Steadfast Guest — ULC: Looking Back and Looking Forward though the Eyes of a Layperson

by Douglas Denzler

One month ago I watched my place of worship, University Lutheran Chapel; hold is final service and close its doors forever.   The congregation was forced to leave by an eviction order by the Minnesota South District of the Lutheran Church-Missouri Synod, its president, and Board of Directors. For almost 13 years this building was the place where I worshiped, got married, and watched my son be baptized.  What had occurred was personal and brought me much disappointment. The District has treated a faithful and strong campus ministry and congregation with complete disregard and disrespect.  In short, we felt betrayed.

 The animosity the District has had for ULC dates back for more than 30 years.  Within those years ULC has been the subject of the district’s scrutiny and attempts to close the chapel.  The reason for this in my belief was theological differences.   Finally at the 2012 district convention a resolution was passed that ULC and MNS District set aside differences, drop lawsuits, and move forward. Only ULC honored the wishes of the convention and vacated our chapel within a week. However, the disrespect and animosity that had been ongoing by the district was ongoing up to the day before the (sale) closing of our building. The day before the closing I witnessed several individuals leaving the building with the kitchen cabinets and countertops.  There was also a gentleman going around with a bucket removing all of the doorknobs from all of the doors.   What was so disappointing was the fact the kitchen cabinets and countertops were designed, shopped for and installed by the congregation.   Although it was requested that we take them with us it was denied only to find out later that the District had given them to someone else.  What purpose does the District have for these or will they blindly stand by and watch these items be destroyed or given to someone else?  For ULC, we now must appeal to the construction company to grant us permission to remove the altar and the stained glass windows. Our requests to take the altar and stained glass have not been denied, but have been put before Doran who now owns the building.  The District argued that they could not give us these on their own because Doran was purchasing the property and these were fixtures.  However, this did not stop the District from removing other fixtures which they wanted to take; their reasoning is dishonest at best.  ULC had also made a request to receive the cornerstone but that request was also denied as the District had decided to take its ownership. One wonders what value the MNS sees in this as they certainly held no regard for ULC’s purpose on campus and what the founding members set out to do.

Through all of this, the District has failed to recognize that they have alienated the Lutheran students of the University of Minnesota by taking away the place where they can come and receive God’s gifts.  I feel they have served only themselves and their own interests rather than reaching out to the men, women, children, and students of ULC in Christian love.  They had even failed to live up to their very own mission statement to be “a unified network of people and congregations actively engaged in the mission of Jesus Christ” based on their actions against ULC and others.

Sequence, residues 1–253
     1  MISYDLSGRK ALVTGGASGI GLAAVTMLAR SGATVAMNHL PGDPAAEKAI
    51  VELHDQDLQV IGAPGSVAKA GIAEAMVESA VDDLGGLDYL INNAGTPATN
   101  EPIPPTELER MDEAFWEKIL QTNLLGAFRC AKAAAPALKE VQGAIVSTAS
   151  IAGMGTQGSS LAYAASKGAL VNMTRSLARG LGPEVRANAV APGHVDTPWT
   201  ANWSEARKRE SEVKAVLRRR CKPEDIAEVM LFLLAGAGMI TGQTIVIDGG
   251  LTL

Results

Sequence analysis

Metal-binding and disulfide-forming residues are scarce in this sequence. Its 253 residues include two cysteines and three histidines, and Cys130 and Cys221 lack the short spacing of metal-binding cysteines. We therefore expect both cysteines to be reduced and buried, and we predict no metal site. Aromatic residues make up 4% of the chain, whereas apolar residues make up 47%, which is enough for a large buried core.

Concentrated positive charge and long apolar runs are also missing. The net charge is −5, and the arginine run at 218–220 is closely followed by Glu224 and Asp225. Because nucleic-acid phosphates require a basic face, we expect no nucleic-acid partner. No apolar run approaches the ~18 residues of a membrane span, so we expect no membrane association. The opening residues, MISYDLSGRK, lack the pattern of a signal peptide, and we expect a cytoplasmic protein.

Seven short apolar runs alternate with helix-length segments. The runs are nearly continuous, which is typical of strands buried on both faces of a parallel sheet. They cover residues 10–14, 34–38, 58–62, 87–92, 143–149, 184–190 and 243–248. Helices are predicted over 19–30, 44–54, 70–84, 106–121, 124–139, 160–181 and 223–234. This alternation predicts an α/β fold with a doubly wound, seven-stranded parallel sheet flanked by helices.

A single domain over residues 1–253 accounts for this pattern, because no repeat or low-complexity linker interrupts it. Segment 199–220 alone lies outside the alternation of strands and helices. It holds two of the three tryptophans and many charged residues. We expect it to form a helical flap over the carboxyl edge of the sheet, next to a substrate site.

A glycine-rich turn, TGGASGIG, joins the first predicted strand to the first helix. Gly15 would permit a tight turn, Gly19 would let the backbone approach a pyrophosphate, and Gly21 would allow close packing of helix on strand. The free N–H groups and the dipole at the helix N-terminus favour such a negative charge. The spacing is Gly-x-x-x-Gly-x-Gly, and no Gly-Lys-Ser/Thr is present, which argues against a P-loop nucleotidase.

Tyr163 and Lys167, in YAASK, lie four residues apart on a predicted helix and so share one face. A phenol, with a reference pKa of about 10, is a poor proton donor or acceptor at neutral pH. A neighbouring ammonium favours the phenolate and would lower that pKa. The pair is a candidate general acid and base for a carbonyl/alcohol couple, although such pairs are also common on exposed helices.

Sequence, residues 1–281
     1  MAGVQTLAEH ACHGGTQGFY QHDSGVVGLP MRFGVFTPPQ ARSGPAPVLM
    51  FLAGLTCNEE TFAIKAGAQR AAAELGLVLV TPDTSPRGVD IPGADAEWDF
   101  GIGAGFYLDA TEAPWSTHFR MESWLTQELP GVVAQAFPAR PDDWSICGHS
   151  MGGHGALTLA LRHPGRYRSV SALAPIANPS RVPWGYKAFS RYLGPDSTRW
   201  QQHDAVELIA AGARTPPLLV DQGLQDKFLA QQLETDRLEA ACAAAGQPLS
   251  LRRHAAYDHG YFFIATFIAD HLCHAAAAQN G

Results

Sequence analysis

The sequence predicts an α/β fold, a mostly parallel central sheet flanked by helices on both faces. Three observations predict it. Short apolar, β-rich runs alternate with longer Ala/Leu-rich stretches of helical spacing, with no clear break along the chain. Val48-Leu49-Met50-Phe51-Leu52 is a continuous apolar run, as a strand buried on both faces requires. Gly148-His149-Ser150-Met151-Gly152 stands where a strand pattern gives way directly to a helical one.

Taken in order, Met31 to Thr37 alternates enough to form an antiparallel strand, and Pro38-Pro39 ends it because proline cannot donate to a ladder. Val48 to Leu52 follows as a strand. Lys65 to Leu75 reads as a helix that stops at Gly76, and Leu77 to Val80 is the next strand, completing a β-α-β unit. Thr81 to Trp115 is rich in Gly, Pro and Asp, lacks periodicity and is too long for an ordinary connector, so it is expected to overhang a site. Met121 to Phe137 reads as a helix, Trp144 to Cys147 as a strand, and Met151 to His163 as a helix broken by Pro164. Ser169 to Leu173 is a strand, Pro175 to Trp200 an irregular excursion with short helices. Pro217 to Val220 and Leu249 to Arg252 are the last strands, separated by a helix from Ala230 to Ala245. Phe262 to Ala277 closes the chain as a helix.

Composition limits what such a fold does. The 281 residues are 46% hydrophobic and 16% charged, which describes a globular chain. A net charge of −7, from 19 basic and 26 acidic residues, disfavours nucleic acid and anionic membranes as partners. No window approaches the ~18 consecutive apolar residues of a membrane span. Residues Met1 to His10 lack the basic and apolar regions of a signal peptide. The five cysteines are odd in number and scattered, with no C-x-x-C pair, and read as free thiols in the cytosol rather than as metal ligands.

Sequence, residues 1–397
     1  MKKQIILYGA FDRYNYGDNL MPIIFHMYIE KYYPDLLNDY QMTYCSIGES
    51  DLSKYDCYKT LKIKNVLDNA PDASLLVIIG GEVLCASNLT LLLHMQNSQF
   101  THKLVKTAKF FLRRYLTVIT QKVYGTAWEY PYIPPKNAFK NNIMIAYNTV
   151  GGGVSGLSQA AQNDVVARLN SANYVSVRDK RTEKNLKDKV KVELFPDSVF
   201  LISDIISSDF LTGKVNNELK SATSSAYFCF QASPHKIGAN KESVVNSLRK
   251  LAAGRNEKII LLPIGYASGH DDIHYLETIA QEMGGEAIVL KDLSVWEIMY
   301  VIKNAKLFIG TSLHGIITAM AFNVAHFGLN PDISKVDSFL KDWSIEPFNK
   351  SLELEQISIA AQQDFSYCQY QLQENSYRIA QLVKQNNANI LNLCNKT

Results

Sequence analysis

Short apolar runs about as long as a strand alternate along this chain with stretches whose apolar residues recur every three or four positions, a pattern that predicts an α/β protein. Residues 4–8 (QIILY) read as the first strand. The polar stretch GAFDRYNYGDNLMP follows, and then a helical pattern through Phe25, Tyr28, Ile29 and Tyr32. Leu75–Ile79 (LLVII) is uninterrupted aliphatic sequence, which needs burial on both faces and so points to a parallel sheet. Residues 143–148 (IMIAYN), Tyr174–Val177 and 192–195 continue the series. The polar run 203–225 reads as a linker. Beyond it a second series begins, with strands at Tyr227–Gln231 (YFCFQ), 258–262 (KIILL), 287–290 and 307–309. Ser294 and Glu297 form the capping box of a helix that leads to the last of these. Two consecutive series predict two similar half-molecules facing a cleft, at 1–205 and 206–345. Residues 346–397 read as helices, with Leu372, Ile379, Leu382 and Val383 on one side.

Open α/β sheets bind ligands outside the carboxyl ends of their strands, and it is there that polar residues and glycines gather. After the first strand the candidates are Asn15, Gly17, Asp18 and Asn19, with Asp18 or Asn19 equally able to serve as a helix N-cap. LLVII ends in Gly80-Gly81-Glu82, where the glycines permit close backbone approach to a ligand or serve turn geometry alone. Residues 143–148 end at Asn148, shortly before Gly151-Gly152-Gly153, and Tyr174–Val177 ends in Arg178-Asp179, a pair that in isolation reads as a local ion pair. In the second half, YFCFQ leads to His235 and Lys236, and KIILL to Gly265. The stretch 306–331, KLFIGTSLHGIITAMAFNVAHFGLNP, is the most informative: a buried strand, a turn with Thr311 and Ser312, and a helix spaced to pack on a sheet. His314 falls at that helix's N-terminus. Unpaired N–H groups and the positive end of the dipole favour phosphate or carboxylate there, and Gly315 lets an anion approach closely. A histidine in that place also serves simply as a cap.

The road ahead for the congregation is still very much unclear at this point.  Even though the congregation has received its $2 million gift from the Minnesota South convention, there are uncertain times ahead such as where the congregation is going to establish herself and funds to pay for a new chapel on campus.  However, in spite of all that has gone on, we are still here and more united as a congregation than ever.     I have no doubt we will persevere.  Pastor Kind has led by example on how to truly live the Christian life by continually underscoring to us that we are to love and pray for our enemies and to keep our focus on Christ. By this example, we have become a closer congregation and he has also guided us through these trials and tribulations.

Mr. Denzler and his family at ULC

As I look back at all that has happened, I recall Pastor Kind’s final sermon at the chapel in which he said “…and as I said before, if we have Christ, we have every good thing. And so our calling is to be faithful, not to worry about the glorious outcome, not to fear the enemies who would destroy us, but to hold tight to Christ and to confess Him before the powers of this world, both within the Church, and outside of the Church.”  I find comfort in these words because it reminds me that Christ will provide for His church and will protect me from those who are out to harm me.

 

Douglas Denzler has been a member of University Lutheran Chapel in Minneapolis for almost 13 years.  He lives in Shakopee, MN with his wife Susan and son Jacob.

Associate Editors Note:  With this post we want to remind our readers to keep ULC in your prayers as they deal with the hurts of these past years and also look for a new place to call home.  If God has given you the means, considering also financially supporting ULC as they will need more funding in order to serve the campus of the University of Minnesota.  Click here to donate to ULC.

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